Perhaps. If that is the case it is pretty absurd, yes. Regarding the latter we have the old Kuznets curve. Seems to show exactly that, although it has also been criticized. I don't know where the academic consensus stands on it now. So you are against reformist politics because they don't last. As opposed to what, revolutionary politics? Most of the various communist regimes collapsed or liberalized after just a few decades. Even North Korea is moving away from its command economy these days. Meanwhile most Western countries still have their "reformist" welfare and labor laws in place, even if they have been rolled back a little bit in recent decades. Oh, and also without murdering their populations by the millions and stuff like that.
  10. Khaleesi did nothing wrong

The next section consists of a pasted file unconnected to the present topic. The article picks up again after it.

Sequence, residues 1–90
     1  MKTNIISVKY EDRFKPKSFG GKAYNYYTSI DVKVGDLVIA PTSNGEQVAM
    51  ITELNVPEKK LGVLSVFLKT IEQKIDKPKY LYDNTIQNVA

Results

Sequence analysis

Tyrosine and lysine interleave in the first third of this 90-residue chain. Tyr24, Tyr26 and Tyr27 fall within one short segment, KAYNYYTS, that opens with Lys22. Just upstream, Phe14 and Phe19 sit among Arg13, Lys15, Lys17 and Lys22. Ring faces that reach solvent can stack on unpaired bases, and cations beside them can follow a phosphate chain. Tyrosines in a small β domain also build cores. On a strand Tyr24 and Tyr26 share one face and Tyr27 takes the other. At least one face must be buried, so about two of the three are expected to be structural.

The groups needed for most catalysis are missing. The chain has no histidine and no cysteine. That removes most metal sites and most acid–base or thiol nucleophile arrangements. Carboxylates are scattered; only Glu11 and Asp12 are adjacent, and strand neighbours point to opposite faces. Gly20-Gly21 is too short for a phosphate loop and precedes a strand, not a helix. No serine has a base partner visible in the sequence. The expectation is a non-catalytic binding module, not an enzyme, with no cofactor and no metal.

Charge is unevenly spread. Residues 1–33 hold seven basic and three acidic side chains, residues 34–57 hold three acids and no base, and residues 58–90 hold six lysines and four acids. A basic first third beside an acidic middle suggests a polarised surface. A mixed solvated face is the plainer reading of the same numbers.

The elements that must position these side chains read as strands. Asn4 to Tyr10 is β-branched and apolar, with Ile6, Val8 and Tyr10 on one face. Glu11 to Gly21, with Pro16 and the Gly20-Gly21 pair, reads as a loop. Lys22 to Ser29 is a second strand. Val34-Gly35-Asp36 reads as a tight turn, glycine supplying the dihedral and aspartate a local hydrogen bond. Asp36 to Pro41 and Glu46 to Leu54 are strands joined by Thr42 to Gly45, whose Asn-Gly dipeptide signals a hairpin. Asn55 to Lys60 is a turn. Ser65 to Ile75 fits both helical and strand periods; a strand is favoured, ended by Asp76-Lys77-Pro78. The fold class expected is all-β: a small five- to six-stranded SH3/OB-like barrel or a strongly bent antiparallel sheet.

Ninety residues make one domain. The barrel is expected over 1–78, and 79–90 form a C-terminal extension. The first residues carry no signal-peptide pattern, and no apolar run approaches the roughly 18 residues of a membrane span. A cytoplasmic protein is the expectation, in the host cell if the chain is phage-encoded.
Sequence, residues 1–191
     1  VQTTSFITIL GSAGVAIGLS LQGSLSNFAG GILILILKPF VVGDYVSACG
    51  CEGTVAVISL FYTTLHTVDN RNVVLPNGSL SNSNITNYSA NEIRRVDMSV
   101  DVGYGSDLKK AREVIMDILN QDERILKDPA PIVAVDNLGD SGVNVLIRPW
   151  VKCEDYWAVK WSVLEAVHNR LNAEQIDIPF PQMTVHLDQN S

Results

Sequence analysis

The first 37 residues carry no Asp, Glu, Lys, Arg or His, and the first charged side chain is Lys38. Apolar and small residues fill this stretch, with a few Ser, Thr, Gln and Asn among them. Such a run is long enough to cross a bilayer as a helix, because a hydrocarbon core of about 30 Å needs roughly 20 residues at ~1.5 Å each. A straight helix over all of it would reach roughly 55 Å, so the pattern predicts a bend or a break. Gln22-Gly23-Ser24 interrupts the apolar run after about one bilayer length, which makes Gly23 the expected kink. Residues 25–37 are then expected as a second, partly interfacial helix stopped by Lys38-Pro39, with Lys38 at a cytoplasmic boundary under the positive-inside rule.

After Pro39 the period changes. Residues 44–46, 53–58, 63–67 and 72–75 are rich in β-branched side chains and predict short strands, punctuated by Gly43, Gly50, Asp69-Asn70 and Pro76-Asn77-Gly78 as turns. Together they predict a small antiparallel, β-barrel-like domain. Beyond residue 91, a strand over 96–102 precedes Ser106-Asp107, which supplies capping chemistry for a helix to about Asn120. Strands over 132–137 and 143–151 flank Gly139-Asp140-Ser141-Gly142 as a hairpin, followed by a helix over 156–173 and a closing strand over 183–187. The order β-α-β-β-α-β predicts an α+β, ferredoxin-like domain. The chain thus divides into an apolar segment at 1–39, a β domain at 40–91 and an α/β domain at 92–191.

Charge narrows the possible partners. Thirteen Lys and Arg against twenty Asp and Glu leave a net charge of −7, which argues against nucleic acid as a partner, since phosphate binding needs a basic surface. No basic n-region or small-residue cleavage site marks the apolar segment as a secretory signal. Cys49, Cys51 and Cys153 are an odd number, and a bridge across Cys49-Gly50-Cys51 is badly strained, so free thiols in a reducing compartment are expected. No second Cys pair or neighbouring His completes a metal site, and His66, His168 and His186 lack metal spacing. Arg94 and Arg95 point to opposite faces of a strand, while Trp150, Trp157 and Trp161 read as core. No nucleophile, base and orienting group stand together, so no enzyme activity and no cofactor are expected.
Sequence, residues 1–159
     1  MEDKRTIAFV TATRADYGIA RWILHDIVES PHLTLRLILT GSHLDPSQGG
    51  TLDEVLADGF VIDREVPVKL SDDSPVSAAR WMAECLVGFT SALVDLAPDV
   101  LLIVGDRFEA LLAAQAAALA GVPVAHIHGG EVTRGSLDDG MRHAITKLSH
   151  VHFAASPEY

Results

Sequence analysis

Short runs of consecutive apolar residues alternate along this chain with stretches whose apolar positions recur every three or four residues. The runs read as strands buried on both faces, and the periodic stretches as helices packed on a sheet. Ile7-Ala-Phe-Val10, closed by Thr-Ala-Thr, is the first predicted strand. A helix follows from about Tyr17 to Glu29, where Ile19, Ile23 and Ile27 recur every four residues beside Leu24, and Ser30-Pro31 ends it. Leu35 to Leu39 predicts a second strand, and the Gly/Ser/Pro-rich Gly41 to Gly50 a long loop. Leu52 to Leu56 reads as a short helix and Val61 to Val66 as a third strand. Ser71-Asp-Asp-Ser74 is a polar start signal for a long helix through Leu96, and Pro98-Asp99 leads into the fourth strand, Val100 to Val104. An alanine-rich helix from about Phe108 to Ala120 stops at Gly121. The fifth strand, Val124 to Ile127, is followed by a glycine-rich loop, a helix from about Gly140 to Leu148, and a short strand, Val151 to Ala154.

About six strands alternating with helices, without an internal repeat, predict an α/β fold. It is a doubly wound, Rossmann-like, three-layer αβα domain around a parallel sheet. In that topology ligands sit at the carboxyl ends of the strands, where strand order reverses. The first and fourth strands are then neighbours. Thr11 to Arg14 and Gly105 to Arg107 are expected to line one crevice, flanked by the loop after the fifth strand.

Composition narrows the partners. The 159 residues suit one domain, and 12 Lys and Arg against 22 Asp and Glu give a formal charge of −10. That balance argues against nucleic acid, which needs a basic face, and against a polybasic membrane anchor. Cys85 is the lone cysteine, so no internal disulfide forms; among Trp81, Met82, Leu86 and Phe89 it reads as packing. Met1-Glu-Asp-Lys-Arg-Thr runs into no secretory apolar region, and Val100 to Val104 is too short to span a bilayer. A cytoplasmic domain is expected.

Billionaires, making the world a better place (for them)

    Yes, I agree in the case of the US. But I think it depends on whether he means America or less developed economies. Because in the case of the latter one could indeed argue that they should focus more on policies that increase GDP growth rather than those for fair distribution, until they have achieved a certain standard of wealth. That is kind of what the Chinese are doing. These days they are enacting more policies aimed at reducing poverty and promoting public welfare and so on, but that is because they are relatively rich now. Well, not like the West yet but definitely compared to where they were just a decade or two ago.
  11. Khaleesi did nothing wrong

    Billionaires, making the world a better place (for them)

    Not really a matter of being a believer or not. If you enact policies that grow the economy at a faster rate than income inequalities increase then all of society will see improvements from them. This definitely seems to have been the case for China's market liberalizations after Mao died. Reaganomics or what Thatcher did is not the same, since that did not really result in those economies growing faster than other developed countries.
  12. Khaleesi did nothing wrong

    Billionaires, making the world a better place (for them)